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  1. Linux Tutorial
    If you're new to UNIX and Linux, you may be a bit intimidated by the size and apparent complexity of the system before you. This chapter does not go into great detail or cover advanced topics. Instead, we want you to hit the ground running.  We assume very little here about your background, except perhaps that you have some familiarity with personal computer systems, and MS-DOS. However, even if you're not an MS-DOS user, you should be able to understand everything here. At first glance, Linux looks a lot like MS-DOS--after all, parts of MS-DOS were modeled on the CP/M operating system, which in turn was modeled on UNIX. However, only the most superficial features of Linux resemble MS-DOS. Even if you're completely new to the PC world, this tutorial should help.

  2. Linux Knowledge Base and Tutorial
    "The place where you learn Linux" 
    Looking for an in-depth and easy to understand introduction to Linux? Then look no further Here you will find hundreds of articles on a wide range of Linux-related topics, glossary definitions, links to more information as well as a "Test Your Knowledge" sections with hundreds questions and answers. Jump right in by clicking here. 
    We offer in-depth information on a wide range of topics suitable for beginners, as well as advanced users. Here you will find information on everything from using the shell to kernel internals and and much, much more.
    We are not just a handful of loosely related articles, which deal only with a few specific aspects of your Linux system. Instead, we offer you highly integrated knowledge base, with each object linked to other related objects. Each object is accessible through a wide range of features. For more details, check out the FAQ. 
    This is not just a basic introduction to Linux, showing how to execute a handful of commands and use a few utilities. The Linux Knowledge Base and Tutorial goes beyond the basics, providing you with the information necessary to get the most out of your Linux system. 
    Need a answer to a specific question? Then check out our forums. The members will do their best to help you to answer your question, solve your problem, or at least point you in the right direction. 
    For more information on what the Linux Knowledge Base and Tutorial has to offer, check out the FAQ. 

  3. Linux operating System
    It is a common occurrence to find users who are not even aware of what operating system they are running. On occasion, you may also find an administrator who knows the name of the operating system, but nothing about the inner workings of it. In many cases, they have no time as they are often clerical workers or other personnel who were reluctantly appointed to be the system administrator. 
    Being able to run or work on a Linux system does not mean you must understand the intricate details of how it functions internally. However, there are some operating system concepts that will help you to interact better with the system. They will also serve as the foundation for many of the issues we're going to cover in this section.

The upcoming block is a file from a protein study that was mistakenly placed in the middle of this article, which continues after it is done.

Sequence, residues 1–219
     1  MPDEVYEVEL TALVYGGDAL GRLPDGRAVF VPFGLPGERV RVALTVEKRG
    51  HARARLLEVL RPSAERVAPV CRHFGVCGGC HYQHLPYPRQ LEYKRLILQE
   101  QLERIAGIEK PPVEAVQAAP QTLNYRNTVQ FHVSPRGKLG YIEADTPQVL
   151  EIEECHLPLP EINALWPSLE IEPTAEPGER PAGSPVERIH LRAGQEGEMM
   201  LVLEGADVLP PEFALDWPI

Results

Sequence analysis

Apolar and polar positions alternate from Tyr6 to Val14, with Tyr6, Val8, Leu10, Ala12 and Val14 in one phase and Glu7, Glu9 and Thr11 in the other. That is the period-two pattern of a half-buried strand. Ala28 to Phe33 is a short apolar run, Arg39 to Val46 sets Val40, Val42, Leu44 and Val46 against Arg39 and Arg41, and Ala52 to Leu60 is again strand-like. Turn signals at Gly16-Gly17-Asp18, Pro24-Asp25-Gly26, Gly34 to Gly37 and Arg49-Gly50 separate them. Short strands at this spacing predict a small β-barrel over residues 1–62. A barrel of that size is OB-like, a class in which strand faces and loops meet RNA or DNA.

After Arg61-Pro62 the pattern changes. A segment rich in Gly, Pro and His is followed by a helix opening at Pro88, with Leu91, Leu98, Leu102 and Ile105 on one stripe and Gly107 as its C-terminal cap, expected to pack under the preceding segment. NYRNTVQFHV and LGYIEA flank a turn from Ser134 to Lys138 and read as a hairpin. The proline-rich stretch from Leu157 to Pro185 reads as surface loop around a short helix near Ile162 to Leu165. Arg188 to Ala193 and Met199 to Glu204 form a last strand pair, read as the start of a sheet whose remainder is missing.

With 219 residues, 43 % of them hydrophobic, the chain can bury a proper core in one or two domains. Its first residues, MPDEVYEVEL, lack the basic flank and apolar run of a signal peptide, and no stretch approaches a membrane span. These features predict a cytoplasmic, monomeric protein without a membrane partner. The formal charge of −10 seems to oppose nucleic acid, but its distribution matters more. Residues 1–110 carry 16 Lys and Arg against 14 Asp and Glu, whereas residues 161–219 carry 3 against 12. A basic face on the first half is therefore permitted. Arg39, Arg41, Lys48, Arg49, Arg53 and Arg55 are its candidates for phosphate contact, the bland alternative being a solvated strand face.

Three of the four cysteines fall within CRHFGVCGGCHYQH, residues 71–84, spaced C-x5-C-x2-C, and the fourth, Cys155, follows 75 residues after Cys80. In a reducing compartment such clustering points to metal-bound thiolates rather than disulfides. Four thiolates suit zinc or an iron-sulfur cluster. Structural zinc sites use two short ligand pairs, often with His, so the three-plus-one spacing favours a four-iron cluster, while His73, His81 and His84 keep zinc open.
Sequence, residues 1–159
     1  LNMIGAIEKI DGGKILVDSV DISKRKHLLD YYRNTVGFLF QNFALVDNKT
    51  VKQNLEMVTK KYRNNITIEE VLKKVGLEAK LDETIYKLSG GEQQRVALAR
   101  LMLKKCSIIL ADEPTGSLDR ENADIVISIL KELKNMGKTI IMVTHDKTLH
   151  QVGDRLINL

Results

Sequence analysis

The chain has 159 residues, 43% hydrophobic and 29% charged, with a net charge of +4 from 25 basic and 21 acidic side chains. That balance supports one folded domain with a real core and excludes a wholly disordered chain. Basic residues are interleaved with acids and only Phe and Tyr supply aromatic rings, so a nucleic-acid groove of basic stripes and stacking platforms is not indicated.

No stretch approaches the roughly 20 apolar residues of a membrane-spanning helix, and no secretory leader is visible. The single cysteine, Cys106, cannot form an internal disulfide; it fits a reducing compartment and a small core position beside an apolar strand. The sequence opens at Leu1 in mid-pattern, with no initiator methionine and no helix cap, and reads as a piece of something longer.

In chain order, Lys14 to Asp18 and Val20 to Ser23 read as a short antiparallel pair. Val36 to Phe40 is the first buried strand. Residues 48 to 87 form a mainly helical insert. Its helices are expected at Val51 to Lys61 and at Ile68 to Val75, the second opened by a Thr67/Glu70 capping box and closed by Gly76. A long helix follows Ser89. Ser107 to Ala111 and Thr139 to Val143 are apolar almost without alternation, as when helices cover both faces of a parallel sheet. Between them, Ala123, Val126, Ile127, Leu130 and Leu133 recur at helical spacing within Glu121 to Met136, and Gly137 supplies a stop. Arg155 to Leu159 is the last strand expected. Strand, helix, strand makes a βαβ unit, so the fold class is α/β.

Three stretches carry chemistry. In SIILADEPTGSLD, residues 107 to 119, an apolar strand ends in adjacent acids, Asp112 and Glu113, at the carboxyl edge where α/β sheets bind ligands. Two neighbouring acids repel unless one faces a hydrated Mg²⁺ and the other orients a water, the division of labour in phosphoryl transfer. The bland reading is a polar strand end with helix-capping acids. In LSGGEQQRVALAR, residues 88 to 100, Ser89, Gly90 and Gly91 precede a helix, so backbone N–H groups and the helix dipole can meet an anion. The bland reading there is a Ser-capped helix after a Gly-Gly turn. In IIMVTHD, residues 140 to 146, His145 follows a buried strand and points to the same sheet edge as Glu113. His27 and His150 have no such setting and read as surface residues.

In this chapter we are going to go through the basic composition of an operating system. First, we'll talk about what an operating system is and why it is important. We are also going to address how the different components work independently and together.

  4. Linux operating System Basic
    With many UNIX systems that are around, the user is unaware that the operating system is a UNIX system. Many companies have point-of-sales systems hooked up to a UNIX host. For example, the users at the cash register may never see what is being run. Therefore, there is really no need to go into details about the system other than for pure curiosity assuming that users find out that they are running on a UNIX system. 
    On the other hand, if you do have access to the command line or interact with the system by some other means, knowing how the system is put together is useful information. Knowing how things interact helps expand your knowledge. Knowing what's on your system is helpful in figuring out just what your system can do. 
    That's what this chapter is about: what's out there. We're going to talk about what makes up Linux. This brings up the question "What is Linux?" There are more than a dozen versions commercially available, in several different countries, all with their own unique characteristics. How can you call any one of them the Linux distribution? 
    The answer is you can't. What I will do instead is to synthesize all the different versions into a single pseudo-version that we can talk about. Although there are differences in the different versions, the majority of the components are the same. There has been a great deal of effort in the past few years to standardize Linux, with a great deal of success. I will therefore address this standard Linux and then mention those areas where specific versions diverge. 

  5. X -Window Operating System
    I've seen the X-Windows system described as the "distributed, graphical method of working," and that probably fits the best. It's distributed because you could run the display on your monitor in Virginia even though the program is actually running on a computer in California or Calcutta, and it's graphical because you see a lot of nice pictures on your screen. Despite the extent to which it has spread in the UNIX world, the X-Windows system is not a UNIX product. The X-Windows system, affectionately called X, was developed by the Massachusetts Institute of Technology and runs on a wide range of computers, even MS-Windows-based versions. The first version was developed at MIT in 1984. Several versions have been developed since, with the most current version, X version 11 (X11), first released in 1987. X11 has been adopted as the industry standard windowing system, with the support of a consortium of major computer industry companies such as DEC, HP, SUN, and IBM. Although you could probably find a system that is still running release 5, the newest release (as of this writing) is release 6. You will see references to the release as X11Rn, where n is the release number. So, the current release would be X11R6.